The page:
Drinking the right liquids will help fight inflammation
We’ve all heard of the recommended 6-8 glasses of water a day. However, instead of filling tumblers with plain, clear goodness, we reach for a can of sugar and fizz instead. There’s a reason we are so strongly inclined this way. Fizzy drinks give you a sugar rush and often perk you up. Water seems pretty boring in comparison.
Unfortunately, while fizzy drinks may feel refreshing, they ultimately affect our well-being. Our body is designed to have short-term inflammation when an infection or a bruise occurs.
During such instances, white blood cells will rush in to protect you, but if you’re drinking sodas, these white blood cells will be effectively neutralized by the sugar in the canned drinks. These lead to cases of acute inflammation.
Drinking water instead helps flush out the bacteria, thereby assisting white blood cells to protect and heal the body. Sometimes, our eating and drinking habits can lead to chronic inflammation, which, by definition, is inflammation that lasts for weeks, months or even years.
The cause of chronic inflammation can be specific, like rheumatoid arthritis (RA), which is a connective tissue disease. The most common symptom of RA is tender, inflamed joints which are warm to the touch. RA patients are often advised to drink plenty of water to help lubricate painful joints.
However, the cause of chronic inflammation is not always as precise. Quite often, a person presents with vague symptoms which may include body aches, joint pain, persistent tiredness and a low-grade fever. If this sounds like you, get in touch with your physician immediately for a check-up.
As always, the best cure is prevention so if you don’t have these symptoms, do consider ways to prevent chronic inflammation from taking root in your body.
It is not surprising that we tend to favor canned drinks over plain water. The cans come in attractive colors as do the drinks; it is primal instinct is to seek brightly-colored foods as, in the natural world, this indicates freshness and good nutrition. If you’re a person who genuinely dislikes the taste of water you might try adding in a drop of natural food coloring. It won’t alter the taste, but it might change your mind.
Studies have shown that people tend to favor colored water and thus drink more of it. You can also store your water in colored bottles and drink from colored tumblers. It sounds superficial and perhaps it is. But it is through our eyes that we consume immediate information; making water look attractive is a step closer to wanting to drink it.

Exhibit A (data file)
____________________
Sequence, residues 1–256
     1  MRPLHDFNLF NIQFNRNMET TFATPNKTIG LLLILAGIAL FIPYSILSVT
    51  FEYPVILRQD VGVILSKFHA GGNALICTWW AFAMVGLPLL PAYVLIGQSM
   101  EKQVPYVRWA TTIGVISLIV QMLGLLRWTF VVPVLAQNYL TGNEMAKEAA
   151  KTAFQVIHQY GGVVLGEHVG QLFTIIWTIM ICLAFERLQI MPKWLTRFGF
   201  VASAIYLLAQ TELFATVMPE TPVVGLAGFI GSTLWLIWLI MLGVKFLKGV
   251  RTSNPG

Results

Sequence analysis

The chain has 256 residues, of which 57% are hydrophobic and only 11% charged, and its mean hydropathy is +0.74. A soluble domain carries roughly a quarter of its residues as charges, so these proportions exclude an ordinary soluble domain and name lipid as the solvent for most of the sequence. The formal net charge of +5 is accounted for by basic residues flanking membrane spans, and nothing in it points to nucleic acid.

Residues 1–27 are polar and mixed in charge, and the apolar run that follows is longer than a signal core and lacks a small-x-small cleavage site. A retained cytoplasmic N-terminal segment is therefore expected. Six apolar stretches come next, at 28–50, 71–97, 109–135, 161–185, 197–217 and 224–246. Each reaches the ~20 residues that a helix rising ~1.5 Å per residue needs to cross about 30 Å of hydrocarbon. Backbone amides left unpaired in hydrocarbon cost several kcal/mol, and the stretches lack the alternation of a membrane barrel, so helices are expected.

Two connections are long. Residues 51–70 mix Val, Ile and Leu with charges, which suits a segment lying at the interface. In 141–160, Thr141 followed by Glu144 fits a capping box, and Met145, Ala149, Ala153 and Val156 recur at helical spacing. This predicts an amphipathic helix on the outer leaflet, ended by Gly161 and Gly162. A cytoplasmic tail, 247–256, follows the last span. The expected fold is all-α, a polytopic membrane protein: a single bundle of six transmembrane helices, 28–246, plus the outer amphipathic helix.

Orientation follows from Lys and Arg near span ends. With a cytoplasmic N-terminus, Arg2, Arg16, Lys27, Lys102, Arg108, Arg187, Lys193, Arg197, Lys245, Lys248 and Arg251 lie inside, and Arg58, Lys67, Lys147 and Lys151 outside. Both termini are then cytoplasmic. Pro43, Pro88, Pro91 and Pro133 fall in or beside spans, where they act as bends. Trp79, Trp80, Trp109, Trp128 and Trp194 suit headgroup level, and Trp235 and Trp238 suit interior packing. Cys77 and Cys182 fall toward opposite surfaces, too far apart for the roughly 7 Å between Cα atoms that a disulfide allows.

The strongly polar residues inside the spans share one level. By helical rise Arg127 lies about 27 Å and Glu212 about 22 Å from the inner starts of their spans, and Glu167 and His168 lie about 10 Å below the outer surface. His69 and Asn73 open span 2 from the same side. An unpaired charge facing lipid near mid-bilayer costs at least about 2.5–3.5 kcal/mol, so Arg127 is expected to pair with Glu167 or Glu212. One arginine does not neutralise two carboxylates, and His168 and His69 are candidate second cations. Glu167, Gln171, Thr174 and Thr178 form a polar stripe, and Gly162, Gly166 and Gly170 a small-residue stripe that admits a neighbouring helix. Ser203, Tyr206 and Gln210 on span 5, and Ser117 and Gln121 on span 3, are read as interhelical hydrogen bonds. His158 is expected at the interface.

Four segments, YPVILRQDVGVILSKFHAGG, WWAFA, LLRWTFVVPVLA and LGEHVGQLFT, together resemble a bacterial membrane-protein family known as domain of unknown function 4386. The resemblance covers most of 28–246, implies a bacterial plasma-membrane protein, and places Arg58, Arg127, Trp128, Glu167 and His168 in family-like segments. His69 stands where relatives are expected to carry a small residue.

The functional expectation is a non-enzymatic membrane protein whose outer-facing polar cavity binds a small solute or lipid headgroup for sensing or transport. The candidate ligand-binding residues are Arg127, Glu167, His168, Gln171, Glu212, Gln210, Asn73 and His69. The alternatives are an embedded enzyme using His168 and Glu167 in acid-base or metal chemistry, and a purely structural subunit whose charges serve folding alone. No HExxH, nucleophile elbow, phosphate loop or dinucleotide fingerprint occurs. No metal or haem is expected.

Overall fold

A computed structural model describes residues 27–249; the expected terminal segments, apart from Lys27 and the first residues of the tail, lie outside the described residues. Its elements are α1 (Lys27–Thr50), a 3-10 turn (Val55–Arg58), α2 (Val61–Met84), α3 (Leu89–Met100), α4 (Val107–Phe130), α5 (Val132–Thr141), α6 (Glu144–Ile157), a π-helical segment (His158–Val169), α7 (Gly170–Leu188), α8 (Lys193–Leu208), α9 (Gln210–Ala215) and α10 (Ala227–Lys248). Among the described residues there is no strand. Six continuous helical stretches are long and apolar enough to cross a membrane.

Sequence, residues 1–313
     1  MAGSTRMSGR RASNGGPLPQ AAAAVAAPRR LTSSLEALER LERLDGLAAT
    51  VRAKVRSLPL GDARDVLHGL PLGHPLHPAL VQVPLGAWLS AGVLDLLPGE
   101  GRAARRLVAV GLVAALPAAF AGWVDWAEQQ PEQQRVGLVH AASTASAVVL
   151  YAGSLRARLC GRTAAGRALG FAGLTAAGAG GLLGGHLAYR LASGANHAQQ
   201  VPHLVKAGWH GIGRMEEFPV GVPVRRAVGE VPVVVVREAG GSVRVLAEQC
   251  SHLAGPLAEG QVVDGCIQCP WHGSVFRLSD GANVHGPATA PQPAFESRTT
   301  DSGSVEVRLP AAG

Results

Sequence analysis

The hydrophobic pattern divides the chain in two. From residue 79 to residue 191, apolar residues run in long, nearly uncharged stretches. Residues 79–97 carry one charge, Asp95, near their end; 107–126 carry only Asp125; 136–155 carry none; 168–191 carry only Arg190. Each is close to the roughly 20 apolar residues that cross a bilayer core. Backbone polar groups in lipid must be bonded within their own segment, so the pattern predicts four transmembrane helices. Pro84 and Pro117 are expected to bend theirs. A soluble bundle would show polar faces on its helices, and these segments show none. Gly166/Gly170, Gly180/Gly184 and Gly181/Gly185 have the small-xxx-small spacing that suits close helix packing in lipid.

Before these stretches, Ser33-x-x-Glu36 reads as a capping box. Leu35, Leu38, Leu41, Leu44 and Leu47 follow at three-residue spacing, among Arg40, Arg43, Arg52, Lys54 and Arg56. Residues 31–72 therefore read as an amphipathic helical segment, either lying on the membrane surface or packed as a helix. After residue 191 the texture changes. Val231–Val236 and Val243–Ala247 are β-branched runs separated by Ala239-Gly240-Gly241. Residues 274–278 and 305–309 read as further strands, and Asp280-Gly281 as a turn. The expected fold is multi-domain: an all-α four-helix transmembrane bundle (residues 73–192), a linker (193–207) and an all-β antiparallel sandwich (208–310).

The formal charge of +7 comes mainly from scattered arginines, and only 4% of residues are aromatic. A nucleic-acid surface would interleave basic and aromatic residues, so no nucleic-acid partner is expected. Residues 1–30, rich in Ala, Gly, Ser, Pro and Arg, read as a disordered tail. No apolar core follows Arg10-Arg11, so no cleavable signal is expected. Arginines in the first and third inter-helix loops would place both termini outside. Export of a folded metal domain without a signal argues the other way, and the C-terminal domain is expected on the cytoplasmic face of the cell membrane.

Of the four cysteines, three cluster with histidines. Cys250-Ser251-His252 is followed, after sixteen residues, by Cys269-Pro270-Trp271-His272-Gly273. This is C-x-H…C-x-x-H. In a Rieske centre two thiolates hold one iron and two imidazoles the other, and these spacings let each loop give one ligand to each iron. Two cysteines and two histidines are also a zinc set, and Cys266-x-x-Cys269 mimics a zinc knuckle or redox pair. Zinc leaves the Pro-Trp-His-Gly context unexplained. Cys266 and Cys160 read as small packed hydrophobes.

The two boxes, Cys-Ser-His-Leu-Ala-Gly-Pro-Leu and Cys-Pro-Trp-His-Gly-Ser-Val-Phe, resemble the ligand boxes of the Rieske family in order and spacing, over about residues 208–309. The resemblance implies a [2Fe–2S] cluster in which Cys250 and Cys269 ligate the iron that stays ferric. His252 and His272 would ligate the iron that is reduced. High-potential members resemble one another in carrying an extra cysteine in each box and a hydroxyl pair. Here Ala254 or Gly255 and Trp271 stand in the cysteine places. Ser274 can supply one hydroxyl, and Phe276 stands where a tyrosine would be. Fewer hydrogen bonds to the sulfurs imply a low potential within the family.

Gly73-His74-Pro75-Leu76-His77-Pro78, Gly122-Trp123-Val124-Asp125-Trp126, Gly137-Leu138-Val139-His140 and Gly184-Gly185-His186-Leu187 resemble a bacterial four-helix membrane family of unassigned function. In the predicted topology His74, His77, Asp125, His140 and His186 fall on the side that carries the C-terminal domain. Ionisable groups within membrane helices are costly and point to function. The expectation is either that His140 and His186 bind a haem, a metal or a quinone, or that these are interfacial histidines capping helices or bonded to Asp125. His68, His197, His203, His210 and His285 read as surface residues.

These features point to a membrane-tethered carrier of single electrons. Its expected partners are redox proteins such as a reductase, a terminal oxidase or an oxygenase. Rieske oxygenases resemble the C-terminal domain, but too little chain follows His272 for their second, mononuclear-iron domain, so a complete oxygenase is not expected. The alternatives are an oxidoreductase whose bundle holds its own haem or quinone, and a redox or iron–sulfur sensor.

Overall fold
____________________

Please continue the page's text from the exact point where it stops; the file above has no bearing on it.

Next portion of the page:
Coffee is good for chronic inflammation?
What else should you drink in order to try and keep inflammation at bay? If you’re a coffee addict, this is very good news for you.
Chronic inflammation tends to affect us more as we get older.
But, happily, researchers have found a remarkable link to caffeine.
The inflammatory response was significantly lessened in those who enjoyed their tea and coffee than in those who had stayed away from such beverages.
Be careful not to overdo your intake though. An excess amount of coffee dehydrates and this might trigger inflammation. Also, many of us tend to go with quick and easy instant coffee, masking the taste with lots of sugar. It would be better to invest in a coffee machine or a French press. Go with good-quality, well-roasted beans or coffee grounds. You’ll enjoy your cup of Joe so much that you won’t miss sugar at all.
Is there anything else that can keep the fiery fingers of inflammation at bay? It’s probably no surprise that the answer is red wine. Studies have shown that an ingredient in red wine, resveratrol, can discourage inflammatory factors in the body. It is crucial not to overdo it.
An excess intake will negate any benefit and may even trigger more inflammation, in addition to other problems. Pour yourself what is commonly known as a ‘French glass’, where the level of the wine stops nearer the stem than the rim. One a day is sufficient. And because alcohol, like coffee, dehydrates, follow your one glass of wine with a glass of water. Before you start a red wine regime, however, you must ask your doctor if it is suitable for you.
Lastly, try to cultivate a habit of observing what you drink. The next time you open the refrigerator to get a burst of sweet fizz, stop. Think and make a choice. What you drink either hurts you or helps you. Choose wisely.
The above is not a substitute for medical advice from a physician. Before you embark on any lifestyle or dietary change, be sure to consult your doctor.